Nkurunziza’s ruling party accuses CNARED of recruiting refugees in neigbouring countries to wage war on Bujumbura – pointing the finger specifically at Rwanda as offering direct support. A report last month by Refugees International seems to substantiate this claim.
According to Ecweru, more than 20 former high-ranking Burundian officials who have fled Nkurunziza’s government are also in Uganda.
Burundi has not only rejected dialogue but also the deployment of an African Union intervention force, MAPROBU, aimed at supporting a political settlement.
Regional diplomats are trying to pick a way through the deadlock.
Regional pressure grows
AU Commission Chair Nkosazana Dlamini Zuma has been in talks with Bujumbura to enable the deployment of MAPROBU. In a potentially telling move, Tanzania, a long-standing supporter of the government, has agreed to provide 5,000 troops for the peacekeeping force – the first East African country to do so.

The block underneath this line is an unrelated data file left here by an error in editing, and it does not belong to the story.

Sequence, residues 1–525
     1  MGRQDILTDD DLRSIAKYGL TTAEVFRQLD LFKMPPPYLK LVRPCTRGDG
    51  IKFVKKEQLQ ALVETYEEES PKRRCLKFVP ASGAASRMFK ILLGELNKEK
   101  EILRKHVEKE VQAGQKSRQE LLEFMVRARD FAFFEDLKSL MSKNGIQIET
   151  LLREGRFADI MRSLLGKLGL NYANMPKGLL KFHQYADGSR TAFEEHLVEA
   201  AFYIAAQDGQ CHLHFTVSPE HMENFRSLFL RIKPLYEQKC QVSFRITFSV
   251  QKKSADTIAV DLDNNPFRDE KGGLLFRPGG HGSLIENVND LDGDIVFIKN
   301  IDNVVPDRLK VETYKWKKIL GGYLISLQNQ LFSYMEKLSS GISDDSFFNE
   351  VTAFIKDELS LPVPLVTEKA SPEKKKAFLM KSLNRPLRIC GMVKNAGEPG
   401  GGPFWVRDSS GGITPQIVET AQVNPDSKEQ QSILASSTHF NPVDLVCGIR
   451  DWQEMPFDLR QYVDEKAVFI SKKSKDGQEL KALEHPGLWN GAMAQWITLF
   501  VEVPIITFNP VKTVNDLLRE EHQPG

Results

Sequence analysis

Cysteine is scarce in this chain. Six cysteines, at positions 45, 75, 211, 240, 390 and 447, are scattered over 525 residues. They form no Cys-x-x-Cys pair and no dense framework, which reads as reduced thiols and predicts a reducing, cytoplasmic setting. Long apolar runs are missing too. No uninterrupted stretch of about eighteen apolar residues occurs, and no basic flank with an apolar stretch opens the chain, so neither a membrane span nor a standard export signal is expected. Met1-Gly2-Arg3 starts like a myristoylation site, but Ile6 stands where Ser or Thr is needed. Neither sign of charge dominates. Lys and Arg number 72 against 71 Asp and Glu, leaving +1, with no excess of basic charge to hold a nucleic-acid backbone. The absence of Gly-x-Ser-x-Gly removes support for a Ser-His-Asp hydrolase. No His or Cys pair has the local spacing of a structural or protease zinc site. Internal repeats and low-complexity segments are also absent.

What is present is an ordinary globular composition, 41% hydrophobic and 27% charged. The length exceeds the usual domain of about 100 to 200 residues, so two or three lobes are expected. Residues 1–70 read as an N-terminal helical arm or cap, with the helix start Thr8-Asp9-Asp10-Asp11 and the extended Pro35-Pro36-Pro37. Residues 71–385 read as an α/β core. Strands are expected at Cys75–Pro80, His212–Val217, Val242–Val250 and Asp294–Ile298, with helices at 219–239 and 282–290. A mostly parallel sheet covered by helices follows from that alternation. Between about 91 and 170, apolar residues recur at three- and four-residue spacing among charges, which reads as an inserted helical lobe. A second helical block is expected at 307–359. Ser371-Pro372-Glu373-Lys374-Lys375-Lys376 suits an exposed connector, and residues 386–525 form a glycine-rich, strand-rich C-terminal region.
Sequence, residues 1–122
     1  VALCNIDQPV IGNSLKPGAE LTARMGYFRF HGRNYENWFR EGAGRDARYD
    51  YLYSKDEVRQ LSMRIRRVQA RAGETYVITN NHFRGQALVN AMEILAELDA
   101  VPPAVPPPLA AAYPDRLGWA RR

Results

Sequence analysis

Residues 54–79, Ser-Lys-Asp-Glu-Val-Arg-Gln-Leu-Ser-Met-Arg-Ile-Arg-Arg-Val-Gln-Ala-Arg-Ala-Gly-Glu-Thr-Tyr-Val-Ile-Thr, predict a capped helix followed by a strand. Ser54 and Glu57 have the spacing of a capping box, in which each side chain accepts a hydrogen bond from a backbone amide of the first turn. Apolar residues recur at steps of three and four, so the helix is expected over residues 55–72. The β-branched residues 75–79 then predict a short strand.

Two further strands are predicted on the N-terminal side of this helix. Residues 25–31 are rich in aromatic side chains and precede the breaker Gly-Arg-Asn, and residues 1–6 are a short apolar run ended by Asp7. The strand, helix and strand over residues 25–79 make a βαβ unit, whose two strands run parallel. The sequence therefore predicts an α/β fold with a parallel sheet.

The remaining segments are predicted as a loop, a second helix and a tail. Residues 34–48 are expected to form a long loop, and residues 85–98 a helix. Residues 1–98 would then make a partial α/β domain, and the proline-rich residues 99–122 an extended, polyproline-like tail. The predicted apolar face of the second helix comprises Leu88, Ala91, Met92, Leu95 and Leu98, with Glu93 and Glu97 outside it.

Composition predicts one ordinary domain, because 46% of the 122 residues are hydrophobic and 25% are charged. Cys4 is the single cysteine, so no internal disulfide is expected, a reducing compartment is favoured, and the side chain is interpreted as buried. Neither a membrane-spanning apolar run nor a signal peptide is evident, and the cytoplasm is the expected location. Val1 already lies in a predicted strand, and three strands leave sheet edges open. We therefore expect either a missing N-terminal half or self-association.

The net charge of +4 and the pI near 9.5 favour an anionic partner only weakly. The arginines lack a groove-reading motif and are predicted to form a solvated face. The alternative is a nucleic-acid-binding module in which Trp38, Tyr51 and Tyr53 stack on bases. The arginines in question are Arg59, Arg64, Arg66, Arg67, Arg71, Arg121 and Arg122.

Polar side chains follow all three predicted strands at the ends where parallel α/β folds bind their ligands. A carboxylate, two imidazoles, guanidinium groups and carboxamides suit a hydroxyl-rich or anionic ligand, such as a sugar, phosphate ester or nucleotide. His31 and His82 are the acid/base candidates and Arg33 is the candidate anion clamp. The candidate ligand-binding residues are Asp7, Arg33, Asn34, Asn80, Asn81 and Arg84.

“The AU has suggested that a Pan Africanist force should be sent to Burundi to help in the situation,” Uganda’s Defence Minister Chrispus Kiyonga told reporters on Friday. “People are dying. There are people who are going outside Burundi, fleeing as refugees, both elites and poor people.
“That situation needs to be stabilised and [the country] needs to be brought back to order. So it’s in that spirit that we of the AU think we should come to the assistance of our brothers and sisters in Burundi.”
Kiyonga is trying to facilitate the faltering regional peace process on behalf of official mediator Ugandan President Yoweri Museveni, who has been criticised for his lack of engagement.
The way forward?
“It’s important to bring together all Burundi’s political actors and put together a plan on how the country can get out of this crisis,” said Mfizi. “The first issue should be to end violence and hammer out a political agreement that could help the country move forward.”
An African diplomat based in Addis Ababa told IRIN that CNARED’s fixation that Nkurunziza must stand down ignores the fact that he won an election in July – however tainted. The best-case scenario is that an agreement is struck on a government of national unity with a guarantee from Nkurunziza that he will not seek another term, the diplomat said.